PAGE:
It was day one in isolation in The Hoi An Beach Resort Hotel, sitting on the steps looking out to the river front contemplating how on earth I would manage the next nine days… I was watching a very small fishing boat in the middle of the river. I had noticed it the day before, sitting for hours in the full sun.
Next day once again, sitting in the sun with a cup of tea and talking to a friend telling her about my situation, when it struck me that I could be in a tiny boat all day or I could appreciate where I am. I could be the fisher-person day in day out in the blazing sun, hoping to catch enough fish to feed my family or sell at the local market. Whilst I didn’t have a choice that my freedom was constricted, neither did the fisher-person have a choice; it was just what they did, day in day out, confined in a two and a half metre boat.
That’s when my perspective on life changed radically… I had three clean fresh simple meals a day being delivered to my door, fresh water, wi-fi and the time to appreciate and accept life. This time spent in isolation was giving me the opportunity to take time out from my busy roles as a property developer and in retail merchandising and sales – what an offering for me!
I had to laugh really. It was during that 10 days in ‘iso’, as it became known, I learnt that I would be required to do a further 14 days isolation in a hotel room on return into Australia. Well, that is if we could get there!
Our return flights were cancelled as there was no access through Singapore, and now the second alternative flight we booked was with the assurance of the Consulate that we would get the required medical certificates in time to meet the deadline at 5.00pm. We got the call to be told that the Government was not giving us permission to leave Vietnam. Hence, we missed our flight – which happened to be the last for tourists to go through Hong Kong home to Brisbane. The return route option to transit through Kuala Lumpur was also closed. Getting on a flight home was looking more and more remote for us.
At that point my friend and I resigned ourselves to a month, maybe upwards to six months, of having to remain living in Vietnam.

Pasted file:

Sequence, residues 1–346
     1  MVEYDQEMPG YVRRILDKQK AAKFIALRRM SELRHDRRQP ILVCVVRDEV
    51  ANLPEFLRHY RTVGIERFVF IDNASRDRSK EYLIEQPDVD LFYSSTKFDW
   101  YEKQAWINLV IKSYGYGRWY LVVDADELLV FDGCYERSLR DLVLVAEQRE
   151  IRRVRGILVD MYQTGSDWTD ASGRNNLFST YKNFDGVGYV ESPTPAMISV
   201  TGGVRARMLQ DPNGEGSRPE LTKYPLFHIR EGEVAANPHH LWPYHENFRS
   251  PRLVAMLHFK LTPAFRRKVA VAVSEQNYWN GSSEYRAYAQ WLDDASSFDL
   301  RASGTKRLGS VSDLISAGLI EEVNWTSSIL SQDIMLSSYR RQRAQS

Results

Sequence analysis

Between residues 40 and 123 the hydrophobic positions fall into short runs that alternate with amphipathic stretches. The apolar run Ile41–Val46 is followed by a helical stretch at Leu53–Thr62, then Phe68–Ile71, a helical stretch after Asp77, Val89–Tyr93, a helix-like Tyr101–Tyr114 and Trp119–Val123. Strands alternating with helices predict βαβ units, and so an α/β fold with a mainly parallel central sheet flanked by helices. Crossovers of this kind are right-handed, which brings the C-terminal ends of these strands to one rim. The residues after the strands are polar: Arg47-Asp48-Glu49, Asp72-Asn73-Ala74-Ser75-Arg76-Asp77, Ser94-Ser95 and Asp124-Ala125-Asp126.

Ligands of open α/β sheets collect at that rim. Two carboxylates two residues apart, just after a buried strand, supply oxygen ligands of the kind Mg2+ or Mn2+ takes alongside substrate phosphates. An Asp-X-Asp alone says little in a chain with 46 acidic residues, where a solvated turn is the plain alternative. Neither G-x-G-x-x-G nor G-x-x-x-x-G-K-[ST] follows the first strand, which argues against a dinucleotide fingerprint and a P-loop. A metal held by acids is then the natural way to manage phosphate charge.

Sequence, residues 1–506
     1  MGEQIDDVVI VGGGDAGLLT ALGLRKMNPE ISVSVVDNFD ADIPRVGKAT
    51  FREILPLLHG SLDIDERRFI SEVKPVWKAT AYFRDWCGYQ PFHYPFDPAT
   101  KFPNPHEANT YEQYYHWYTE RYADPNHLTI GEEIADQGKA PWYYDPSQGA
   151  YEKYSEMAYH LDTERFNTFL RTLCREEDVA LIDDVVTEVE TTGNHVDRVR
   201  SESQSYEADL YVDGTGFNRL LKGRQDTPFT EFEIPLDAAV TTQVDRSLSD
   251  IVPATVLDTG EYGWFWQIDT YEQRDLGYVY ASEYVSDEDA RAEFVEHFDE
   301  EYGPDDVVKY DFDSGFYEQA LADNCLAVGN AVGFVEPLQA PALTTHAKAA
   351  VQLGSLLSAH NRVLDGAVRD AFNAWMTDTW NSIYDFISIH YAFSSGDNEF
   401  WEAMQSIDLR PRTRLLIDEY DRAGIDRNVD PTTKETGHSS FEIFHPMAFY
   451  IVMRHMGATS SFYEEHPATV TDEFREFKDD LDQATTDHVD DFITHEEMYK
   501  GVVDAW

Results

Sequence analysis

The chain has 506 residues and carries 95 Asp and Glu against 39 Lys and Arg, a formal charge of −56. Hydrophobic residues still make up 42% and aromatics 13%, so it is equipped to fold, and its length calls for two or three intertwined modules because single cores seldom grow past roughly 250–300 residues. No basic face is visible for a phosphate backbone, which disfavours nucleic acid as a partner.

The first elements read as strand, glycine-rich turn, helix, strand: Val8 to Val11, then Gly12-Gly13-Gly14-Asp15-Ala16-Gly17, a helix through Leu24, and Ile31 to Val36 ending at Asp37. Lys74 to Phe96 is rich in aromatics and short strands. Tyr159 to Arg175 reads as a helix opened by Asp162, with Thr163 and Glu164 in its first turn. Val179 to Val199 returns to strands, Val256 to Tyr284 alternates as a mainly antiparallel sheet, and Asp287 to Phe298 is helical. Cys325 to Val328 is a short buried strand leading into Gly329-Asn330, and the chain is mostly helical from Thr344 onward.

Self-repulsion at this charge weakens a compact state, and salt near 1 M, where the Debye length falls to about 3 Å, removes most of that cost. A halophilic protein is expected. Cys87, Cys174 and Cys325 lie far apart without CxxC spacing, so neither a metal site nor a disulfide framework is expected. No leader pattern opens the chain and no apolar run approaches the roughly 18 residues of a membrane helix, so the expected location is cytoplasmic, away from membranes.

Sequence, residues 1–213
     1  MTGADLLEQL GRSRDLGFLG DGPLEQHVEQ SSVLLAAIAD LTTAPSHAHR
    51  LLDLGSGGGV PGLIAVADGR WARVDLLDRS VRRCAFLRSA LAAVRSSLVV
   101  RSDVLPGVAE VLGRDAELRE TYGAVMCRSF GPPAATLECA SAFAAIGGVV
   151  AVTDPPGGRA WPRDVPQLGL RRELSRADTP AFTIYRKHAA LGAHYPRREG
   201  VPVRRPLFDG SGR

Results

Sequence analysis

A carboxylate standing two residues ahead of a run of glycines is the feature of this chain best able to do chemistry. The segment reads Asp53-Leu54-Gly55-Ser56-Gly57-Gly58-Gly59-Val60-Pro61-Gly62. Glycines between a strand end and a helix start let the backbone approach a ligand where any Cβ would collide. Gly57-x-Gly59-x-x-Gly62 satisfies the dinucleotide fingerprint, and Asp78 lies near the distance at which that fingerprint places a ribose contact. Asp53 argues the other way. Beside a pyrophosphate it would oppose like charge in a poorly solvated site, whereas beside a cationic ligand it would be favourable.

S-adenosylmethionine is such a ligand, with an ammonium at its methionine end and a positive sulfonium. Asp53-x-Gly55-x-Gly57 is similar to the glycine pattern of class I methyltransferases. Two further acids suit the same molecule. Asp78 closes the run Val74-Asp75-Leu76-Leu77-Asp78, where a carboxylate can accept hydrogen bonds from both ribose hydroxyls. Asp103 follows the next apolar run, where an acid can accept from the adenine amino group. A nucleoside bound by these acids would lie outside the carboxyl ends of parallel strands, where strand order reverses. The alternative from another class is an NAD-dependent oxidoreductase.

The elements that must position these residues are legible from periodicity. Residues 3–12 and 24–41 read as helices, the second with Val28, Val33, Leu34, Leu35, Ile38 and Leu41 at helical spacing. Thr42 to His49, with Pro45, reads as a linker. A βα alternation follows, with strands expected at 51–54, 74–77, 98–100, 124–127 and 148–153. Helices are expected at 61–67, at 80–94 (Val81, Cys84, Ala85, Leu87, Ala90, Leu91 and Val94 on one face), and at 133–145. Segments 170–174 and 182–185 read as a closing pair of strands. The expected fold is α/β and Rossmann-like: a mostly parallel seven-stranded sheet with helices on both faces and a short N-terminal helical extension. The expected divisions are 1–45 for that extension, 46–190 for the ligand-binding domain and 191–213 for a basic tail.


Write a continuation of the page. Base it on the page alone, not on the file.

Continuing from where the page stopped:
There were no hysterics, no obvious anger! Yes, we felt the resignation that we were basically stuck here for the long haul with no way out. It was time to deeply surrender to my future as a ‘Vietnamese mother’ as my daughter, who was safely home in Melbourne, was now calling me.
We had the Consulate and travel agents actively scouring the internet and they came up with one option – to travel home to Australia transiting through Russia! Unfortunately, there was no guarantee we could transit, without another hitch, or being stranded in another unknown country.
On our last day in isolation we received a call from a friend in Australia asking us ‘can I give it a go finding flights for you?’ Of course, we said yes, and within ten minutes they called back – yes, there is an available flight via Tokyo direct to Australia. It turned out it was the inaugural flight from Haneda Airport (Tokyo) direct to Sydney. We paid the new fare and the booking was confirmed within half an hour! What an Angel our friend turned out to be -- to act on an impulse and follow through with a confirmed flight home for us.
On arrival in Sydney we were immediately put into another 14 days of isolation in a Sydney Hotel room. When I walked into my hotel room, a flood of appreciation was immediate, as my room had a big window overlooking the Botanical Gardens. I knew I was being supported deeply.
A few days in, and we gave a clear message to catering that we were not vegan, our dietary needs were dairy and gluten free. When our food bags were delivered to our separate rooms, we each discovered that everything in the bags was white – rice, yogurt, bread, white beans – no meat, fruit or greens in sight!
It was time to allow the Sydney community to support us. By mid-morning of the first day that we reached out for help, a food roster was organised to deliver to us nutritious meals that addressed our dietary needs. It was a beautiful example of a team effort to provide us with nourishing meals, each meal being undertaken by a different person. By lunch time we were eating a delivery of delicious salmon and greens!
The email thread between us all developed into being as supportive as the food itself. The love in each email expression and the food deliveries we received sustained us throughout the 14 days of isolation in our Sydney Hotel rooms… and we were so deeply appreciative.
I have had much presented to me throughout this time, but the sustaining factor has been reading the situation of the obstacles put in my way, in order to come to the understanding that I need not be bound by four walls. At no time during the two weeks did I ever feel isolated or confined by the restrictions. In fact, during this time many revelations occurred to me, and my level of appreciation for the stillness that I felt deepened. I truly felt completely held the whole time.
By allowing connection with true family and letting people in, and knowing no matter what in this life you are presented with, the greater purpose is made clear – it is multidimensional and so expansive beyond what it appears to be.
Who would have thought 24 days in ‘iso’ could deliver such a clear perspective on life?
Merrilee P., Australia
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